So there’s been some more talk lately about Flock and extensions and relevancy and Performancing’s new blogging tool for Firefox. I’m all for it. The more we talk about open source, about Firefox, about Flock, about coming up with better, cooler, faster and more usable technology, the more we’re inclined to just go build it. And in doing so, make sure that it’s relevant and actually meets the needs of real people.
So ok, I’m all about being skeptical. I’m all about looking a gift horse in the mouth, in its eyes, and … elsewhere… yah. (Y’know, you gotta make sure there’s no sneaky Greeks lurking about or whatever.)
And this post was going to about that old information autobahn thing and how there’s plenty of room for one more automobile manufacturer. And that was going to be my analogy for why Flock is a good thing for drivers, etc, etc. But I decided that’s a dumb idea. And boring to write. So let me get right down to it.
Here’s the thing. We’ve actually been pretty certain for some time that most of the features that we build into Flock will be eventually be ported back over to Firefox as extensions. Or become commodity features in other browsers. That’s the way open source should work — and the way software development plays off itself — and we’re totally in support of that! The point is not to make a bunch of proprietary tools that only work in Flock. That would be rediculous and counterproductive. I mean, our goal is to make using all the great tools now available on the web easier to use by building a more consistent user experience. Yeah, that’s our big top secret plan.
So why build our own browser if we’re in support of this whole extension model anyway? Well, let me paint a picture of my vision for Flock and why it at all makes sense that we continue doing what we’re doing, no matter how many extensions come out and attempt to mirror our featureset.
Cue lights … cameras rolling… pull curtains … 5, 4, 3…
So in the olden days, there was a web of interconnected computers and file servers and yada yada that were conceived of as a massive network of libraries containing all kinds of hyperlinked data and information. Now, pieces of that data had individual addresses, just like books in libraries had unique identifiers called Dewey decimal numbers. Thus pieces had a static position in the system and you used a web browser to pull up those pieces of data. So when someone added a piece of information to the network, say an online shrine about their cat, it got its own address, acronymically known as a URL.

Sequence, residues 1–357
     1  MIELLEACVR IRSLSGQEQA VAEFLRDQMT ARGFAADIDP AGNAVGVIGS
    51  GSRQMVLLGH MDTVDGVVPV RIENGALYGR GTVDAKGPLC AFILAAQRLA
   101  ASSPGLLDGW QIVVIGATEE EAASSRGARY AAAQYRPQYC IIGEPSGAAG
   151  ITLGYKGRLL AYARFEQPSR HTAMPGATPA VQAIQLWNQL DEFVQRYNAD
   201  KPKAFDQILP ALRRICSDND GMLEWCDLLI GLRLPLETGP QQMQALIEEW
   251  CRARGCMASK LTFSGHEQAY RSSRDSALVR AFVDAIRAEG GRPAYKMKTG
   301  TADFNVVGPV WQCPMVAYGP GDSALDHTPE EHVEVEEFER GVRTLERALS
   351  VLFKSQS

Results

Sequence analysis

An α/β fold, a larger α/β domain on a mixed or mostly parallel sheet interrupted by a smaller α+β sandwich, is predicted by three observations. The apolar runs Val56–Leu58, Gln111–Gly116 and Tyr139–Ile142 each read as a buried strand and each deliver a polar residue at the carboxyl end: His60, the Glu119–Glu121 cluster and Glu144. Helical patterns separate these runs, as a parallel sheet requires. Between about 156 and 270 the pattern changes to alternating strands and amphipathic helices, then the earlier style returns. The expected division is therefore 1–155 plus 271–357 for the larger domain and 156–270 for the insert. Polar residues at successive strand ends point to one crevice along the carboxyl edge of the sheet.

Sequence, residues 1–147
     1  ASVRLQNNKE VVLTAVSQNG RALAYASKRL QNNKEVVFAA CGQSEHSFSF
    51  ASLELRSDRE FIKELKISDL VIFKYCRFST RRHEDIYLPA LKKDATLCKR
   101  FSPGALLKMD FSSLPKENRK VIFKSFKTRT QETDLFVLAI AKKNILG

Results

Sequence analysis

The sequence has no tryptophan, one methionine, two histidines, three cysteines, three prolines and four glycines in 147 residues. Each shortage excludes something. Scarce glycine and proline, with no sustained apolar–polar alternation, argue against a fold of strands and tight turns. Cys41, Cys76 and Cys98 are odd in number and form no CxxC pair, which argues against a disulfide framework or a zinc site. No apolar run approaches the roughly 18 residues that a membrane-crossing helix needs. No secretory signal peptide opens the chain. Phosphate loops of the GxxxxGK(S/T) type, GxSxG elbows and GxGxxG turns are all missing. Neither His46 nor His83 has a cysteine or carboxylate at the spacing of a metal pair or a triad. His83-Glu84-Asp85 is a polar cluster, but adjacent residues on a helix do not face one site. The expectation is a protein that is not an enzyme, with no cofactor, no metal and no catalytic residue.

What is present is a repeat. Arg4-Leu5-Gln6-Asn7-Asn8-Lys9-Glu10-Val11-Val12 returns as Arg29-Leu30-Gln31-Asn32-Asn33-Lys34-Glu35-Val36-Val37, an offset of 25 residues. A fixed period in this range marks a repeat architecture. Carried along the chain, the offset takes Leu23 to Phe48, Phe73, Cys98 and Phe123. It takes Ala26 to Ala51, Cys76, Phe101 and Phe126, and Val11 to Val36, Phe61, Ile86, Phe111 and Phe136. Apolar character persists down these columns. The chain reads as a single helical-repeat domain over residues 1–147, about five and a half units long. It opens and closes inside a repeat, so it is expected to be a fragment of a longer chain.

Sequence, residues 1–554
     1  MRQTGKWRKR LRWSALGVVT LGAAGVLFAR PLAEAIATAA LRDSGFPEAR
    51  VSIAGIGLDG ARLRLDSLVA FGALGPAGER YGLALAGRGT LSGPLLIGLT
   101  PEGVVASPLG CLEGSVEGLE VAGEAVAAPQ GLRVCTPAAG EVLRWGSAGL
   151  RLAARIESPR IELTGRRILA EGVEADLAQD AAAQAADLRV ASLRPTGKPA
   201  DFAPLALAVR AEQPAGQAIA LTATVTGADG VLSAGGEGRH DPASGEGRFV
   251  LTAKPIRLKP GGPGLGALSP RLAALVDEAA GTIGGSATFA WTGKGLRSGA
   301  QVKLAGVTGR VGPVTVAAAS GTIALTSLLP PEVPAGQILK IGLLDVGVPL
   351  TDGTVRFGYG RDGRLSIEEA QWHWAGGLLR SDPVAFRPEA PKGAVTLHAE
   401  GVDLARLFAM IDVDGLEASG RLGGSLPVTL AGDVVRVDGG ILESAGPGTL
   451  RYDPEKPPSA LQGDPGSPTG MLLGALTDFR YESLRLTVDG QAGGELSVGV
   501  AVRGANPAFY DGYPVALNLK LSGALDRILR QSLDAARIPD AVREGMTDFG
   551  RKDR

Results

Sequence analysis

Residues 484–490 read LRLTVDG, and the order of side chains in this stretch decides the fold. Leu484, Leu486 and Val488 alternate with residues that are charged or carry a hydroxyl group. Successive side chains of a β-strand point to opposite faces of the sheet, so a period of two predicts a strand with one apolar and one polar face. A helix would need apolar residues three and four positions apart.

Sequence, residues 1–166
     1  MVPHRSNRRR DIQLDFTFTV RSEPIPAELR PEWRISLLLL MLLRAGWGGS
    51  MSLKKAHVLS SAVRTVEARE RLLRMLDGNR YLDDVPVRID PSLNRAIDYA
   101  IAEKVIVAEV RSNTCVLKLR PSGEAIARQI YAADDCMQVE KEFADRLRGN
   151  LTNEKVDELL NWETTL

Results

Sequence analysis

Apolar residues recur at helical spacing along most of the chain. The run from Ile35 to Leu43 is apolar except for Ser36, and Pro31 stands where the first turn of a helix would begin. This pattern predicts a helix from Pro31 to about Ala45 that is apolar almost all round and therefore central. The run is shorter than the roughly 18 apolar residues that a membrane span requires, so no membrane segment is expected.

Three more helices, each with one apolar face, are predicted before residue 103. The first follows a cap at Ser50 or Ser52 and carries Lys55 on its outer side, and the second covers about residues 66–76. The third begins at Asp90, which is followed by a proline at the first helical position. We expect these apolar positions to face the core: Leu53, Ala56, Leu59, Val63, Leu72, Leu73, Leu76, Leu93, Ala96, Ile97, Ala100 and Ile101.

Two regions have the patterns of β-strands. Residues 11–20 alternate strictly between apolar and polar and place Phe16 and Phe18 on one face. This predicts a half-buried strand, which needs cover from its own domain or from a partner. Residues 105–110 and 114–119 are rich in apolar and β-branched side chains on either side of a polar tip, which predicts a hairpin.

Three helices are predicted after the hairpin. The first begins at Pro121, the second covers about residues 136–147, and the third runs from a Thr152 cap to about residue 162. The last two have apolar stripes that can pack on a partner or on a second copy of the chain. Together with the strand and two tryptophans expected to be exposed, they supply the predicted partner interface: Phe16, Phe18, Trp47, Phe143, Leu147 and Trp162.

So so so, jump forward in time a bit. Welcome to today, a time of spheres… blaw-go…spheres… where currency is measured by one’s attention-magnetism and linkification, where if you don’t have a blog, you don’t have a pulse and you’re dead, kaput, worse than history, see ya later, sayonara, did you even exist in the first place? Oh yeah and what’s your feed again?
Hmm. So let’s slow it down a second here. Get this, here it comes, I’ve got a visual metaphor to sink yourself into: so say you’re walking down the street, a crowded street. Let’s put you in Manhattan, or Boston, DC, Copenhagen, Tokyo wherever. Look, it’s busy. 10,000 people trampling the sidewalk concrete and they’re all in chaos, no no, wait, calm, but y’know, this is chaos theory in motion.
This is 100,000 people walking down the concrete towards you, you, you’re walking the other way — who knows why? you just are — and there are these crescendoing voices around you, swirling, smashing conversations. You’re grasping at words, sounds; the ring of cell phones, change being dropped between high heels and rubber soles. A cacophonic masterpiece of human communication.
So listen, you hear something, it piques your interest, you think to yourself, “Aha.”
Moving towards it, crowd parting in front of you, shoulders meeting; you sideways, all arms and elbows, towards the sound. One motion, you blur, find the source. Listen, speak, are heard, enlightenment and voice. This is conversation. This is fleeting. This is connection and this is what sustains you.